Colonial Penang

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Penang has some stunning architecture, and this City Hall built in 1903 takes some beating. Its best side faces the padang but its side view (photo left below) is more commonly seen because it faces the sea along the waterfront. There is little shade to hide under here so the cold drinks vendor was much appreciated.

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Further along the waterfront is Fort Cornwallis, built in 1786. The moat was most likely the cause of pestilence in the past, yet was not filled in until 1922. There is not much to see here, so you have to use your imagination to get a sense of what it was like here in the early days of the colony.

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Here is Lawrence in the gunpowder store and last seen defending the fort…..

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Here we have the Church of the Assumption, dating from 1786 and currently undergoing renovation.

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And here is the side view of the Penang State Museum, currently closed for renovation. The notice says it will open in 2018, but I think that is on a Malaysian timescale as we did not see any sign of activity there.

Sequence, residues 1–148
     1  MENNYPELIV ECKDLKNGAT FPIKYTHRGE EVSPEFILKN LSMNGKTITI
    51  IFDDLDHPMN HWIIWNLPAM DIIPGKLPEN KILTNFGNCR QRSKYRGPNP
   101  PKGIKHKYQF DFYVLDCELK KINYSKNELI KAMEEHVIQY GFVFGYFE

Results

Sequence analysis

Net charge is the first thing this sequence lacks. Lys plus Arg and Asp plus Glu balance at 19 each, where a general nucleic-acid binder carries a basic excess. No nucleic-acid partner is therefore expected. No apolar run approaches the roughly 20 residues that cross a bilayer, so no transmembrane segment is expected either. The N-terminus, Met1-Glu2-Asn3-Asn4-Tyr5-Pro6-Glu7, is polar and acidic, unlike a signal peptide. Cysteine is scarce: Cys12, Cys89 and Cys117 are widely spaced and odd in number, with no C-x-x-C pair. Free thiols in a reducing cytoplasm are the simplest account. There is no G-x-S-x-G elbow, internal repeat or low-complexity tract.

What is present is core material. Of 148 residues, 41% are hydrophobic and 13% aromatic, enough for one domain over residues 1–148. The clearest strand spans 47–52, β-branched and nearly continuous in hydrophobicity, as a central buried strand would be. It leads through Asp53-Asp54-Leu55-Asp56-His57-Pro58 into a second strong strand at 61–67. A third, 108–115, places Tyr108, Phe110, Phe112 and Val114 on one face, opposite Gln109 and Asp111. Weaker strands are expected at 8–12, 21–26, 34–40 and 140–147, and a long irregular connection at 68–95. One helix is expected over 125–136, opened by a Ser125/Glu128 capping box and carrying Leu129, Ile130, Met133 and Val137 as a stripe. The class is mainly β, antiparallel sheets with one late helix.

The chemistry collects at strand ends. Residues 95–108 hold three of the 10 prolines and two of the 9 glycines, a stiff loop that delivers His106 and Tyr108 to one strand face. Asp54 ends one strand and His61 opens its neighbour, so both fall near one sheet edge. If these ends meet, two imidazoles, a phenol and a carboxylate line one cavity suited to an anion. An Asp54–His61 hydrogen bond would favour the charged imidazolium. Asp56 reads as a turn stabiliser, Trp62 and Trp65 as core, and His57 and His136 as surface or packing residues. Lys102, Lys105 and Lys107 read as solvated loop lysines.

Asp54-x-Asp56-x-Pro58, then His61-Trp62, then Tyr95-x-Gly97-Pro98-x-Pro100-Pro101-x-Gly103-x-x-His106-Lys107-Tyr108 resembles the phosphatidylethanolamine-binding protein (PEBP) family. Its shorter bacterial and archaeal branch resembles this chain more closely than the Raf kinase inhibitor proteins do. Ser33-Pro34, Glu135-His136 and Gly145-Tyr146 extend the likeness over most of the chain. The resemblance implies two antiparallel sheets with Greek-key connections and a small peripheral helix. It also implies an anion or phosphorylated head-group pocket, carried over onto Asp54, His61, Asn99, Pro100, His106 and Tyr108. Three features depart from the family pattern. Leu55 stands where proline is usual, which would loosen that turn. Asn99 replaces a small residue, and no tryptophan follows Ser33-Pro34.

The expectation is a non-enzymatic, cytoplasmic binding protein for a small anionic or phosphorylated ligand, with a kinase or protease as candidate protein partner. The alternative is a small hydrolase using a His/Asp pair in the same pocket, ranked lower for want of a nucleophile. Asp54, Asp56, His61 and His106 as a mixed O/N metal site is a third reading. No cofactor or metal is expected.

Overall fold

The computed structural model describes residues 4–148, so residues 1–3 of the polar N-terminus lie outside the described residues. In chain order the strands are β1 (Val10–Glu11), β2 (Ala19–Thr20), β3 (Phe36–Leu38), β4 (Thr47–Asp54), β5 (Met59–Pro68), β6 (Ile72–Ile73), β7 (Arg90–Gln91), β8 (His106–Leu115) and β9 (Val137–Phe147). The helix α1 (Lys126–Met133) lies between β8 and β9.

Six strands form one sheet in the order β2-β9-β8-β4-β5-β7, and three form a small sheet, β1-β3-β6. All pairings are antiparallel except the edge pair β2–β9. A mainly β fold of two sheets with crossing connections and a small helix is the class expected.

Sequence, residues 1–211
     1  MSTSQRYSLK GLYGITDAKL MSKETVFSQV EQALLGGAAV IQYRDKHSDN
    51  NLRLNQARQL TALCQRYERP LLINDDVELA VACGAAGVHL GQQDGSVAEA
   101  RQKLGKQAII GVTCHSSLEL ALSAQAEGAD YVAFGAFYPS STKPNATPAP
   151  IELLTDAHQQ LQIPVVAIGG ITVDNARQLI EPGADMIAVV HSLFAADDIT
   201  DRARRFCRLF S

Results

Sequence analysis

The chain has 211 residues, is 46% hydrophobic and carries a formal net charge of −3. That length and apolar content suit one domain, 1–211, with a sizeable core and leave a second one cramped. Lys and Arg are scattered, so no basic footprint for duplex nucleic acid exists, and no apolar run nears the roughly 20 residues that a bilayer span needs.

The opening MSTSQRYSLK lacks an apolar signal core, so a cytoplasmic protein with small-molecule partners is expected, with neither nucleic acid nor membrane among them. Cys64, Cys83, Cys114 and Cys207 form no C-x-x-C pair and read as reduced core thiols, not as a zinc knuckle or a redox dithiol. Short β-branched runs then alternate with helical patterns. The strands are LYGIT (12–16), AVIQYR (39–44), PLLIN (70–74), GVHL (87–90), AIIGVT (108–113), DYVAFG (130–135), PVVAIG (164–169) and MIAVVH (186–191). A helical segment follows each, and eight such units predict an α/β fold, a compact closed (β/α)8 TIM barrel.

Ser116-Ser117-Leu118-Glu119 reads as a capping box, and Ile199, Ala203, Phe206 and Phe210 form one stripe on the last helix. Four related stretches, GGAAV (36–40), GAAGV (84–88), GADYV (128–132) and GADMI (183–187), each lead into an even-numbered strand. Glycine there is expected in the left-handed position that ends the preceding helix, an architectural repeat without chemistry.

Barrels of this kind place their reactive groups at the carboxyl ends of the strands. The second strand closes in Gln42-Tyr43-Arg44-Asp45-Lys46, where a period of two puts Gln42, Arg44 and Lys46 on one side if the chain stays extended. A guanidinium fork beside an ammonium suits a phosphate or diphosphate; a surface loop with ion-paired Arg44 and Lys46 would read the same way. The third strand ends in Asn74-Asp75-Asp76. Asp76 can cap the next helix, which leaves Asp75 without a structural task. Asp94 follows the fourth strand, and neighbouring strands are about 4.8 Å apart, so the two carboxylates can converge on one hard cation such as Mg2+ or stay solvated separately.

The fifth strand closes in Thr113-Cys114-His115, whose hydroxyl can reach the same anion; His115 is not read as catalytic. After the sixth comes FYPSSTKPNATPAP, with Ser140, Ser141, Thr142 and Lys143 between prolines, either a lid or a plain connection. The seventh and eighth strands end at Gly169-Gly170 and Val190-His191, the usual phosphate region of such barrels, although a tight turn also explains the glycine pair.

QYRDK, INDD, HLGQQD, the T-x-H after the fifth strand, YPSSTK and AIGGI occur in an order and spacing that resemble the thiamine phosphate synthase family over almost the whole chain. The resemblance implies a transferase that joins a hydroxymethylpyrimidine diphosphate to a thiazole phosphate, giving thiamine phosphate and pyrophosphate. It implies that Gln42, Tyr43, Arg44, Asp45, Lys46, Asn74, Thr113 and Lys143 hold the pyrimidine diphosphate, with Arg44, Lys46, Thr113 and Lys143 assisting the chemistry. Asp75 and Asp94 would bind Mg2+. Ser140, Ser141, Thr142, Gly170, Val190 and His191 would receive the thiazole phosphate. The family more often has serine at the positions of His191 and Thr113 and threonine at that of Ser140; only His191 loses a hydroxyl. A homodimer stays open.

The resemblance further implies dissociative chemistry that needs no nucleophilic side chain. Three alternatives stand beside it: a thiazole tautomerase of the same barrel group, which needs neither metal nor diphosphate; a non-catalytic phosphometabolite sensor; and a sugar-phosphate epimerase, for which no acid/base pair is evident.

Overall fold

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The oldest Anglican church in Southeast Asia is St. George’s Church, built in 1818.

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And opposite to St. George’s Church is the Supreme Court Building, built in 1903, to replace the original Court Building of 1809.

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Opposite the Protestant Cemetery is the Leong Yin Kan Mansion, which seems to be a mixture of colonial and Chinese styles. The mansion was built in 1926 and is now a restaurant.

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I am used to seeing small Chinese altars by the side of buildings, but this is the first time I have seen a small altar with Indian heritage. And this Indian altar was in the parking lot of the Leong Yin Kan Mansion.

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© Helen Gray 2021